Being apart of BSA has truly made my experience at the University worthwhile. Prior to attending the University, I never would’ve imagine the immense level of greatness I have joined by being a part of the black community at UVA. There is not one specific “type of black person,” just like there is not one specific “type of UVA student.” I believe that the Black Student Alliance has done and will continue to do it’s fair share to bring together black students and assist them on their journey to tackle both the University of Virginia and beyond.

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Cameron Stokes, College of Arts and Science, Class of 2019, Youth & Social Innovation and Psychology, cs4ng@virginia.edu

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Student Spotlight: Amare Osei

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Name: Amare Osei

Hometown: Chesterfield, Virginia

High School: Mathematics and Science High School at Clover Hill

Year at UVA: 2nd year

Major: Undeclared–thinking about cognitive science with a concentration in neuroscience on the pre-med track

Involvement at UVA: Daniel Hale Williams Pre-Medical Society; Student Organization for Caribbean Awareness (SOCA); Black Student Alliance, Academic and Career Development Committee

If there was one thing you wish someone had told you during the college admission process, what would that have been?

Being yourself is the most important thing when it comes to applying to colleges. Of course, scores will matter, but at the end of the day these numbers don’t define you in any way, shape, or form. Do not let anyone tell you that you have no shot at getting into a university because your scores may not be at the high end of the spectrum! Expressing yourself through your application essays is what really sets you apart from other applicants, and gives colleges the chance to connect with you.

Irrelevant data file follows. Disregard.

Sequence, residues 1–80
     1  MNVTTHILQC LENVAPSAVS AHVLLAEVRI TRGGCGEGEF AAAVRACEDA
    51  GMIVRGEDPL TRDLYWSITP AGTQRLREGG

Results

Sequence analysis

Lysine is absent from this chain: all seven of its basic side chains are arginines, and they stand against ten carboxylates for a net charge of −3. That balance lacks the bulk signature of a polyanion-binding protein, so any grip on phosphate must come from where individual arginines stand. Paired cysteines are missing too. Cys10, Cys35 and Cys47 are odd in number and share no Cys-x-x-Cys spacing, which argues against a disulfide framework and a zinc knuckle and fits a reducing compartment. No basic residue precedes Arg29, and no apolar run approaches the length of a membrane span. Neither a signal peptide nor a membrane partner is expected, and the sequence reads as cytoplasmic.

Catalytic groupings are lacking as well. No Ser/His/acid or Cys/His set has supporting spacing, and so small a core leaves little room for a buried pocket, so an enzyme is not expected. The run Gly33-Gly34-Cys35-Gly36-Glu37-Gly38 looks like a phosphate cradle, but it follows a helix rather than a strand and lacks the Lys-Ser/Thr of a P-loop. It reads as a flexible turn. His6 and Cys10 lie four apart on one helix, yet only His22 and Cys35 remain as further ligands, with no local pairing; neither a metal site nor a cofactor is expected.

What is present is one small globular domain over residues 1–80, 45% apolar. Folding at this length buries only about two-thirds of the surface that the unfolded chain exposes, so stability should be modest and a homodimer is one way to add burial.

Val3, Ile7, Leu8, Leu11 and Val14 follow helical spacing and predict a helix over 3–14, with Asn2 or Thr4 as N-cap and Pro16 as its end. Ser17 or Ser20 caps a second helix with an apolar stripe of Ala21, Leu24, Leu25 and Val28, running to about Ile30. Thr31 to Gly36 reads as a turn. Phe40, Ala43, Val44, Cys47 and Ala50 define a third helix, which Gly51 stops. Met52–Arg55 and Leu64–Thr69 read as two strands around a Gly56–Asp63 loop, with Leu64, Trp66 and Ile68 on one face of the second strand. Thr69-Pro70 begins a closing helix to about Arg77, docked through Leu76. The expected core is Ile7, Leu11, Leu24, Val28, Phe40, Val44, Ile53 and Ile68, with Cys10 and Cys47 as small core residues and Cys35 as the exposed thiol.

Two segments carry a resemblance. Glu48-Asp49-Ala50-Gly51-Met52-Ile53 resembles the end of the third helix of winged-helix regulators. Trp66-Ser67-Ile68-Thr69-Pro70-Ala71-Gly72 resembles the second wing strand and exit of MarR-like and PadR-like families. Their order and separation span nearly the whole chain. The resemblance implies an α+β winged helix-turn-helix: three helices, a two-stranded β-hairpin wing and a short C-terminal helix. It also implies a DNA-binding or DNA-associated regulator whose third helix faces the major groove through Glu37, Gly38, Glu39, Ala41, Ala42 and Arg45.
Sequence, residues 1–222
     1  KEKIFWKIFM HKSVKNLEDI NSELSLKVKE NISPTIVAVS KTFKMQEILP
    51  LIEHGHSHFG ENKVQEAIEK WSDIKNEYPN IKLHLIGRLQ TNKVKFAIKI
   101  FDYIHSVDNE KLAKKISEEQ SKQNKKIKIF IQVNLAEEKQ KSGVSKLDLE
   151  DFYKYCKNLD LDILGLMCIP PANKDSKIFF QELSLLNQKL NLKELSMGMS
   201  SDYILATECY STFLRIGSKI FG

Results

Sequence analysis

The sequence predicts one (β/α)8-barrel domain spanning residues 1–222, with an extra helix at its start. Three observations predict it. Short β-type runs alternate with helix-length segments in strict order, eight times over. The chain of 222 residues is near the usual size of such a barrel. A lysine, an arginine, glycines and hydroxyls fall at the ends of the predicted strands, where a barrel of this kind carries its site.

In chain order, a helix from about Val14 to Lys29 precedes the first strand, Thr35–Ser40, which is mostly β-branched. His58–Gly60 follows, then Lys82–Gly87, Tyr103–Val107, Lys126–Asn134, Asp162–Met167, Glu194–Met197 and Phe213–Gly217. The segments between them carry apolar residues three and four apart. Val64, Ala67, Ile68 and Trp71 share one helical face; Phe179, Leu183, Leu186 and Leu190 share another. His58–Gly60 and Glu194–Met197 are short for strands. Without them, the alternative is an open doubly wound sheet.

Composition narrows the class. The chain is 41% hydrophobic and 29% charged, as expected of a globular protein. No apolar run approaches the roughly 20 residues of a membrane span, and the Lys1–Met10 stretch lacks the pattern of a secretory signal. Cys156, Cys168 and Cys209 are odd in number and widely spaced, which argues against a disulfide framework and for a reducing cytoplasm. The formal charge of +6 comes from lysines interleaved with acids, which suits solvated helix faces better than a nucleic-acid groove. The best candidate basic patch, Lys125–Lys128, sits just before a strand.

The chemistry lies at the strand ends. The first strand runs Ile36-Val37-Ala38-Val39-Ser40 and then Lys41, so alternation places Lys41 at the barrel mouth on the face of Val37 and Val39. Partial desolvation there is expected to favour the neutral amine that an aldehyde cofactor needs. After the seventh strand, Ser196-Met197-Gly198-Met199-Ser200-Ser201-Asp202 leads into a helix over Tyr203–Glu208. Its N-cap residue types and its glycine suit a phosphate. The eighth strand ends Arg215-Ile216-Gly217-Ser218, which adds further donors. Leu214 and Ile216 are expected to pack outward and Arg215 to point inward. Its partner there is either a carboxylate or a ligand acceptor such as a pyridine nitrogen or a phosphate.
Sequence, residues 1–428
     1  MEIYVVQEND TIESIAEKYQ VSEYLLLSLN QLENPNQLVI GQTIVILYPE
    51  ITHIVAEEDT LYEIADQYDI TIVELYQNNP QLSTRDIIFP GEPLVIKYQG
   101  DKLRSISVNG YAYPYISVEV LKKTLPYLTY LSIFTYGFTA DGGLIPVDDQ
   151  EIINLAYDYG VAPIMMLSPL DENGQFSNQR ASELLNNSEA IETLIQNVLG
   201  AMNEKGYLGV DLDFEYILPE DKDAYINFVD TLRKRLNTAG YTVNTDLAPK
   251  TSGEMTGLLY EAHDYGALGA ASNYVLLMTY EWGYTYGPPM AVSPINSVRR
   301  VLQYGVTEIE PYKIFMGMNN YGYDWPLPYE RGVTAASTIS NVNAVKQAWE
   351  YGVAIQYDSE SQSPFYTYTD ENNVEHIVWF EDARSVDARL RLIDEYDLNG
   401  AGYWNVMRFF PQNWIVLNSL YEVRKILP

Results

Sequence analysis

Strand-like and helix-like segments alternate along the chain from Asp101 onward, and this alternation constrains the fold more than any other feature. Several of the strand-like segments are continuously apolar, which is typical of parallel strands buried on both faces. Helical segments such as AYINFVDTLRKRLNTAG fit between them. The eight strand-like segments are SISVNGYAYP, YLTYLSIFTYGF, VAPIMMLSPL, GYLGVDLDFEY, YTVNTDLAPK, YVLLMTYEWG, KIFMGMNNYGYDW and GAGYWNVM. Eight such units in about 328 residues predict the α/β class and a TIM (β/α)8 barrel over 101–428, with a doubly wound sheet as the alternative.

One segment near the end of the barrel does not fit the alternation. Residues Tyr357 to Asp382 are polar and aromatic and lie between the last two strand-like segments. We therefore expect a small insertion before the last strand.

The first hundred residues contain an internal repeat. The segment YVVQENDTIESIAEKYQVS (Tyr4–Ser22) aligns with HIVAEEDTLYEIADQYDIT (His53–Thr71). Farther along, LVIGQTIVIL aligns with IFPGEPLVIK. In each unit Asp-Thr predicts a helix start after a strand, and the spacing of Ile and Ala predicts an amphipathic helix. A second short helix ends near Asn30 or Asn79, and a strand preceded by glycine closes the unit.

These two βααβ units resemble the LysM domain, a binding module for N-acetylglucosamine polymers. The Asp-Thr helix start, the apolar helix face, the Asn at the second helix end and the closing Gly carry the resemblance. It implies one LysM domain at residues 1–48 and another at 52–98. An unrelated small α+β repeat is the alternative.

Why did you decide to come to the University of Virginia?

I know this is cliché but I fell in love with UVA as soon as I stepped foot on grounds. I think what attracted me was seeing how lively it was here; there was a certain buzz in the air that made me feel like this was somewhere I wanted to be.  I was also in awe at how academic it was here. It just seemed to me as if I would be learning in such an intellectually stimulating environment. Other than this, UVA really checked all my boxes in terms of distance from home, population size, and level of rigor. After I got back my college acceptance letters, it was an easy decision.

Share with us your thoughts/feelings about diversity at the University of Virginia.

While I do wish that UVA was more diverse, I believe that there truly is a place for everyone here. We have tons of multicultural organizations here on grounds, and although it may take some time, everyone finds a community in which they feel comfortable.

I say I want more diversity, but at the same time, UVA is the most diverse environment I have personally been a part of. I have gotten to learn from so many people about different cultures and lifestyles, and I’m very appreciative of that.